Effects of Anesthesia on Cerebral Blood Flow and Functional Connectivity of Nonhuman Primates

Vet Sci. 2022 Sep 22;9(10):516. doi: 10.3390/vetsci9100516.


Nonhuman primates (NHPs) are the closest living relatives of humans and play a critical and unique role in neuroscience research and pharmaceutical development. General anesthesia is usually required in neuroimaging studies of NHPs to keep the animal from stress and motion. However, the adverse effects of anesthesia on cerebral physiology and neural activity are pronounced and can compromise the data collection and interpretation. Functional connectivity is frequently examined using resting-state functional MRI (rsfMRI) to assess the functional abnormality in the animal brain under anesthesia. The fMRI signal can be dramatically suppressed by most anesthetics in a dose-dependent manner. In addition, rsfMRI studies may be further compromised by inter-subject variations when the sample size is small (as seen in most neuroscience studies of NHPs). Therefore, proper use of anesthesia is strongly demanded to ensure steady and consistent physiology maintained during rsfMRI data collection of each subject. The aim of this review is to summarize typical anesthesia used in rsfMRI scans of NHPs and the effects of anesthetics on cerebral physiology and functional connectivity. Moreover, the protocols with optimal rsfMRI data acquisition and anesthesia procedures for functional connectivity study of macaque monkeys are introduced.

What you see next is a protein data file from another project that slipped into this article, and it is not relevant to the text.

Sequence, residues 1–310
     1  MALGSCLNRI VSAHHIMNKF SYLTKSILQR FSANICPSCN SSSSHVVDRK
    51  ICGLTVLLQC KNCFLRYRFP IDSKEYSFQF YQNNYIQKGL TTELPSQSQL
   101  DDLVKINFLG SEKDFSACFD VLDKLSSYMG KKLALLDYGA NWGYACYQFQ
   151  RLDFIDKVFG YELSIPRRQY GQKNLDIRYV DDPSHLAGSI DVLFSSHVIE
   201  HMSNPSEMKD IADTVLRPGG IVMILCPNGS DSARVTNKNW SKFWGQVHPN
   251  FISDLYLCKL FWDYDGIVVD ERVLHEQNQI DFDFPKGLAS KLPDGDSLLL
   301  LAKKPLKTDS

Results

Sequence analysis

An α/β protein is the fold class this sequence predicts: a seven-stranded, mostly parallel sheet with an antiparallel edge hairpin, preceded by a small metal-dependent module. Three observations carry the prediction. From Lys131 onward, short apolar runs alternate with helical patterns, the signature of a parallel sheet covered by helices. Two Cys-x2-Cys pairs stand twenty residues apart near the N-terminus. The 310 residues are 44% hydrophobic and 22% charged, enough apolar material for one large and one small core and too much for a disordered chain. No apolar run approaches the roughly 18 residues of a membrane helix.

Keywords: alfaxalone; functional connectivity; isoflurane; ketamine; monkey; rsfMRI.

Publication types

  • Review